December is a highly lucrative time for online retailers, especially since 70% of the U.S. population shops online. In 2022, the U.S. saw online holiday retail sales reach a staggering $228 billion, and forecasts for 2023 estimate an increase to $253.71 billion.

The surge in e-commerce activity during December offers an incredible opportunity for online retail businesses to generate significant revenue. However, cyber attackers see this time of year as an ideal time to target busy employees who fail to recognize their tricks.

Learning and development (L&D) leaders must work to prevent cyber attackers from jeopardizing their organization’s financial well-being during this critical time of year. Learning leaders must familiarize themselves with the different types of cyber threats and then train their people on best practices to keep the organization safe.

Recognizing Common Cyber Scams

Cybercriminals have increased their efforts alongside the growth in online retail traffic. Earlier this year, fashion retailer JD Sports had a data breach that compromised the personal information of more than 10 million customers. Just last month, Amazon issued an official warning to customers after noticing a surge in actors posing as customer service reps to gain access to Prime accounts.

Successful attacks can lead to serious financial hardship for businesses and customers and cause lasting damage to brand reputation for those who fall victim. Below are a few of the most common pitfalls and types of attacks that L&D professionals should know and teach their people to recognize.

  • Weak passwords: Employees often have several different logins for work applications, leading many to use obvious passwords for quick access. Cybercriminals frequently attempt to gain access to those accounts by simply guessing employee passwords, offering an easy avenue into company systems.
  • Spam: These are unsolicited, often irrelevant, advertising emails sent to a massive number of inboxes. Although these emails can be legitimate advertisements for companies, there is also the possibility that they hold malicious files or viruses that can put recipients at risk.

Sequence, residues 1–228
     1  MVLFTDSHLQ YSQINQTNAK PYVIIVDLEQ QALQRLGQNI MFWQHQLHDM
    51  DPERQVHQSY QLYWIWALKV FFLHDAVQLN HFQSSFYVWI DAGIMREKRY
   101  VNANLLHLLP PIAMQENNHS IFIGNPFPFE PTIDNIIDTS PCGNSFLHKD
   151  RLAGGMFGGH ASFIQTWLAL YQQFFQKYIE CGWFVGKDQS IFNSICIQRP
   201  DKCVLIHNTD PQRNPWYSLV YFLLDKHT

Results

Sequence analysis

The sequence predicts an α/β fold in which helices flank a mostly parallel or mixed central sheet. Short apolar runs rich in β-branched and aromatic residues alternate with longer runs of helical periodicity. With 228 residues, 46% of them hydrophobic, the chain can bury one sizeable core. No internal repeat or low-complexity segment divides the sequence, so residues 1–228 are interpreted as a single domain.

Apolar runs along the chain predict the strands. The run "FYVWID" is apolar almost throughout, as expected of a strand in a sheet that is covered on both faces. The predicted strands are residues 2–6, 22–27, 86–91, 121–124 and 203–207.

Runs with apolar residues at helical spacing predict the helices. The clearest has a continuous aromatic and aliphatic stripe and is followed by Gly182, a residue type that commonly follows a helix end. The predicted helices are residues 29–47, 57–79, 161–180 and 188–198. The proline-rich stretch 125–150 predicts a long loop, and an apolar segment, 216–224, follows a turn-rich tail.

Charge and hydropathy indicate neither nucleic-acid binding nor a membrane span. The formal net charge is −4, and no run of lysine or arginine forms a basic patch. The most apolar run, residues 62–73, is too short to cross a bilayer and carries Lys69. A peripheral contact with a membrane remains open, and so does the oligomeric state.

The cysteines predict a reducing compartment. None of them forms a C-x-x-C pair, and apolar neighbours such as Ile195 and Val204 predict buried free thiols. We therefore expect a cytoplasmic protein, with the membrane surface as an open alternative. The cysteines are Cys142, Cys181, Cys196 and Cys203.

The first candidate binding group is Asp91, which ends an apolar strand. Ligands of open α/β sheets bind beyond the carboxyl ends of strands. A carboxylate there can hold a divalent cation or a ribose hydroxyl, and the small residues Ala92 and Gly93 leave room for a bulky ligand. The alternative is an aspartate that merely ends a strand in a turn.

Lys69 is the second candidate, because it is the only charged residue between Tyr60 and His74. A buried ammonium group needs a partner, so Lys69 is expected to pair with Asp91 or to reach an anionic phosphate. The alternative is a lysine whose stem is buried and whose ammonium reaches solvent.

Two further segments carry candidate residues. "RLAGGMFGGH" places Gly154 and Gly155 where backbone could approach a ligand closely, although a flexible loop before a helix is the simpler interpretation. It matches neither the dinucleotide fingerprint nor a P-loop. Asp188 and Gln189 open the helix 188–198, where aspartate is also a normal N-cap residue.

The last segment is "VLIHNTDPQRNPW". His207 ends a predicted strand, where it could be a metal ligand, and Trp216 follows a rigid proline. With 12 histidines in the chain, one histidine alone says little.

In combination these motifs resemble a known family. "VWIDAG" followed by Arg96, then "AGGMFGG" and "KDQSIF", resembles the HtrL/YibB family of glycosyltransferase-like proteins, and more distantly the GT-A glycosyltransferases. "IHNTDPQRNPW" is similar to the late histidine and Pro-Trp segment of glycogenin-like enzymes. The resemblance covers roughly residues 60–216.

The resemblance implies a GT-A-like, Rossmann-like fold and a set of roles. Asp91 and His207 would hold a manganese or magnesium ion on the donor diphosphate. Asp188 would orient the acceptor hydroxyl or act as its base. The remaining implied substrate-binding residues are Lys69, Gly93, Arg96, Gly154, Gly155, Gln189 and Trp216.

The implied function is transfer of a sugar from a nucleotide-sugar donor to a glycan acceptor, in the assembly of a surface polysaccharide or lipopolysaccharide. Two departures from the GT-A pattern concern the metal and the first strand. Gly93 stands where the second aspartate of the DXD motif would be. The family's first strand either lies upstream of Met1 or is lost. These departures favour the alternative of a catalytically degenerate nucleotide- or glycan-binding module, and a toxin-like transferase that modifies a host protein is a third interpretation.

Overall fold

• Social engineering: This technique is used to gain the trust of users through manipulation tactics. For instance, cybercriminals impersonate real people, and then persuade them to share personal information through seemingly legitimate conversations. They can also exploit user impatience with “MFA fatigue attacks” which involve sending so many multi-factor authentication requests that the target eventually accepts the request out of sheer frustration or by mistake. Attacker-in-the-middle attacks (like EvilProxy), which involves tricking users into inputting their credentials into phony web pages, also rely heavily on social engineering.
  • Phishing: These are fake email campaigns that appear legitimate. Unsuspecting recipients are lured into clicking unsafe links or sharing personal information. While most recipients avoid falling for these scam emails, even a small number of successful attacks can lead to big payoffs for cybercriminals.
  • Distributed denial of service (DDoS): Hackers can flood a website with an overwhelming number of requests that servers cannot handle. This traffic overload makes websites and other pages inaccessible, preventing visitors from accessing pages, often for an extended period.